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Windows Biometric Framework handling of device surprise removal RRS feed

  • Question

  • Hi,

    I'm investigating a case where our biometric device is removed and then reappears (this is normal behavior and unrelated to this issue) and sometimes it appears that the biometric unit isn't getting created after the device reappears.  My question is if the WBF framework handles this case, that is, does it detect that a biometric device has been removed and then subsequently when it reappears, create a biometric unit again.  Would having a biometric session open and locked prevent detection of the remove/attach detection by the WBF framework?  I can provide more details if necessary.

    Thanks,

    Doug Allen

    Tuesday, July 30, 2013 9:28 PM

Answers

  • Hi Doug,

    Yes, WBF processes hardware arrival and removal events for bio sensors. We also pass these events through to the various plug-in adapters, and make them available to client applications in the form of framework change events.

    I suspect the call to WinBioLockUnit is what's causing problems for you. When a bio sensor is removed and reattached, the old biometric unit is torn down and a new one is created. This new bio unit has a new unit ID# associated with it. Because WinBioLockUnit attaches locks a specific UNIT, the lock becomes invalid when the unit is removed. In other words, your application is calling WinBioLockUnit(handle, 1), then when the sensor is reattached, its unit ID has changed to something other than 1.

    (Some background: Many fingerprint readers don't have a unique serial number burned into them. So when a sensor is plugged in, we have no way to tell that it's really the same sensor that was just unplugged. To avoid various kinds of spoofing attacks, we assume that a newly-arrived sensor is unknown to us, and assign it a new unit ID#.)

    Also, if you have any pending operations targeting the unit when it's unplugged (e.g., identify, control unit) those will fail with some device error.

    You might want to try adding framework change-monitoring to the application (see WinBioAsyncOpenFramework) -- probably coupled with some restart logic that detects the new unit ID and releases/reopens the lock. In this case, it would be best if all the work was done using the async mechanisms (see WinBioAsyncOpenSession); it will make the synchronization a bit easier.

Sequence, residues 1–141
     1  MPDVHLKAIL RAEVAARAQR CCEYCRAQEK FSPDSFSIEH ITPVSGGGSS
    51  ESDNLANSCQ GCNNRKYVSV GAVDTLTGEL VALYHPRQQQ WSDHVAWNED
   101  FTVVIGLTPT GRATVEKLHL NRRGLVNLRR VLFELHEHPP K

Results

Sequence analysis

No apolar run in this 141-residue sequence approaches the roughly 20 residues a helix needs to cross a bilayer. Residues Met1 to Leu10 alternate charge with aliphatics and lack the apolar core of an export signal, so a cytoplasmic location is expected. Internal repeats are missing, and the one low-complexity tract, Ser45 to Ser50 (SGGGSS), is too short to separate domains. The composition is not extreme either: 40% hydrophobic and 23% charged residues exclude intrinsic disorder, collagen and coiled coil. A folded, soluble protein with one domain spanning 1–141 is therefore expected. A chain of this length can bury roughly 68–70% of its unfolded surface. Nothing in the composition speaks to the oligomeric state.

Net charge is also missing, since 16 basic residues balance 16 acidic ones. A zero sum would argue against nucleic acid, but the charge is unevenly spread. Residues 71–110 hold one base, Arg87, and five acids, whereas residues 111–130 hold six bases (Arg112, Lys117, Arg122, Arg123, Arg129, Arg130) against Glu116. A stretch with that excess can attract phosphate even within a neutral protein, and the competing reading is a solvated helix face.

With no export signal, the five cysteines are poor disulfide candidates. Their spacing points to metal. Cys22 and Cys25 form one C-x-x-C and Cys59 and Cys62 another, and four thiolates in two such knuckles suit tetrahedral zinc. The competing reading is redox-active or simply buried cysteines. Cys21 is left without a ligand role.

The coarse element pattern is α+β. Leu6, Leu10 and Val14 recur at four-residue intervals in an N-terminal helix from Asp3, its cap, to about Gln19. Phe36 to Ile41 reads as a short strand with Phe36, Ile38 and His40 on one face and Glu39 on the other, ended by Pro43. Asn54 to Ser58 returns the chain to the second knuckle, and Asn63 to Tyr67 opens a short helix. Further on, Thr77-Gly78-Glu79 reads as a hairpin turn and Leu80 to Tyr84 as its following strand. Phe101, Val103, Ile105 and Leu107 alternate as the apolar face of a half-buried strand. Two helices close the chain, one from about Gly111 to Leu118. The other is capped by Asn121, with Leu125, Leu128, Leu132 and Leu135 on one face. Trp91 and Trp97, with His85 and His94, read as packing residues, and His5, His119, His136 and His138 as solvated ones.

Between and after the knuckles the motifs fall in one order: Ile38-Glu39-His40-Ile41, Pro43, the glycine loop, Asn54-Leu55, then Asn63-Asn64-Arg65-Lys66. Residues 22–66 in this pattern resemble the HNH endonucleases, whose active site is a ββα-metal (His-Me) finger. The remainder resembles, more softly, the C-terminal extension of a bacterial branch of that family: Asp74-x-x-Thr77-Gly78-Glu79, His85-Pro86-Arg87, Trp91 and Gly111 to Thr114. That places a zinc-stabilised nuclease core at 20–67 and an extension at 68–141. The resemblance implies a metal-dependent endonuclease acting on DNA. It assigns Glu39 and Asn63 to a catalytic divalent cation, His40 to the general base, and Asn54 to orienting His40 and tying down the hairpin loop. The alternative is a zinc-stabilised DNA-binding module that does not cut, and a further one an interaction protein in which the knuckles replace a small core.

One other caveat: There can be a delay between the sensor being unplugged and the event reaching your framework monitor. This isn't a bio-specific issue. It just seems to take a while for removal/arrival events to bubble their way up the I/O stack.

    Regards,
    -Art Baker
    Senior Software Engineer - Windows Security

    Wednesday, July 31, 2013 2:52 PM

All replies

  • Hi Doug,

    Yes, WBF processes hardware arrival and removal events for bio sensors. We also pass these events through to the various plug-in adapters, and make them available to client applications in the form of framework change events.

    I suspect the call to WinBioLockUnit is what's causing problems for you. When a bio sensor is removed and reattached, the old biometric unit is torn down and a new one is created. This new bio unit has a new unit ID# associated with it. Because WinBioLockUnit attaches locks a specific UNIT, the lock becomes invalid when the unit is removed. In other words, your application is calling WinBioLockUnit(handle, 1), then when the sensor is reattached, its unit ID has changed to something other than 1.

    (Some background: Many fingerprint readers don't have a unique serial number burned into them. So when a sensor is plugged in, we have no way to tell that it's really the same sensor that was just unplugged. To avoid various kinds of spoofing attacks, we assume that a newly-arrived sensor is unknown to us, and assign it a new unit ID#.)

    Also, if you have any pending operations targeting the unit when it's unplugged (e.g., identify, control unit) those will fail with some device error.

    You might want to try adding framework change-monitoring to the application (see WinBioAsyncOpenFramework) -- probably coupled with some restart logic that detects the new unit ID and releases/reopens the lock. In this case, it would be best if all the work was done using the async mechanisms (see WinBioAsyncOpenSession); it will make the synchronization a bit easier.

    One other caveat: There can be a delay between the sensor being unplugged and the event reaching your framework monitor. This isn't a bio-specific issue. It just seems to take a while for removal/arrival events to bubble their way up the I/O stack.

    Regards,
    -Art Baker
    Senior Software Engineer - Windows Security

    Wednesday, July 31, 2013 2:52 PM
  • Hi Art,

    Thanks for the information and for confirming that the framework does handle these remove/attach events.  I'd like to ask a follow-up question if I may.  For the failure case I'm investigating, if I look at our biometric device trace, I can see a series of 3 attach/remove events based on the events CBiometricDriver::OnDeviceAdd and CBiometricDriver::OnReleaseHardware.  Following the first attach, there are subsequent calls to CBiometricDriver::OnGetAttributes and I see a biometric unit creation in the biometric event log.  There are 2 subsequent remove/attach event in out biometric device trace however which aren't followed by a call to CBiometricDriver::OnGetAttributes and there are no further events in the biometric event log.  Could the actions you describe at the application level be responsible for this behavior or is there something else I need to investigate at our driver/adapter level?

    Thanks,

    Doug Allen 


    Doug Allen

    Wednesday, July 31, 2013 4:59 PM